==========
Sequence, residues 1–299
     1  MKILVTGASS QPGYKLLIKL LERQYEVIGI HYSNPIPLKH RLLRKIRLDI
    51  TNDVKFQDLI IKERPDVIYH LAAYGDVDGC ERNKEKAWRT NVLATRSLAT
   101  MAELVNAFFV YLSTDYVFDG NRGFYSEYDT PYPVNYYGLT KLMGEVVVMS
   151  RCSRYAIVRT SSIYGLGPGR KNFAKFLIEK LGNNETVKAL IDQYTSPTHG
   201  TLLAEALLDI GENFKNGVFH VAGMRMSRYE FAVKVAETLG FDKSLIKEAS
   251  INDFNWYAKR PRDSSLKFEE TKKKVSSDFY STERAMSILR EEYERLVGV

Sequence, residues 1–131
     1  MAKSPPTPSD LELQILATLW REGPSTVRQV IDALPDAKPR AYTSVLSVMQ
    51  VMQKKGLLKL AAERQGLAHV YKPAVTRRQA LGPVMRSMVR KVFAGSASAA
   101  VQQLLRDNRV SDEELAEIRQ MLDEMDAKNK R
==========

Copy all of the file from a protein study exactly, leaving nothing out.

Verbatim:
Sequence, residues 1–299
     1  MKILVTGASS QPGYKLLIKL LERQYEVIGI HYSNPIPLKH RLLRKIRLDI
    51  TNDVKFQDLI IKERPDVIYH LAAYGDVDGC ERNKEKAWRT NVLATRSLAT
   101  MAELVNAFFV YLSTDYVFDG NRGFYSEYDT PYPVNYYGLT KLMGEVVVMS
   151  RCSRYAIVRT SSIYGLGPGR KNFAKFLIEK LGNNETVKAL IDQYTSPTHG
   201  TLLAEALLDI GENFKNGVFH VAGMRMSRYE FAVKVAETLG FDKSLIKEAS
   251  INDFNWYAKR PRDSSLKFEE TKKKVSSDFY STERAMSILR EEYERLVGV

Sequence, residues 1–131
     1  MAKSPPTPSD LELQILATLW REGPSTVRQV IDALPDAKPR AYTSVLSVMQ
    51  VMQKKGLLKL AAERQGLAHV YKPAVTRRQA LGPVMRSMVR KVFAGSASAA
   101  VQQLLRDNRV SDEELAEIRQ MLDEMDAKNK R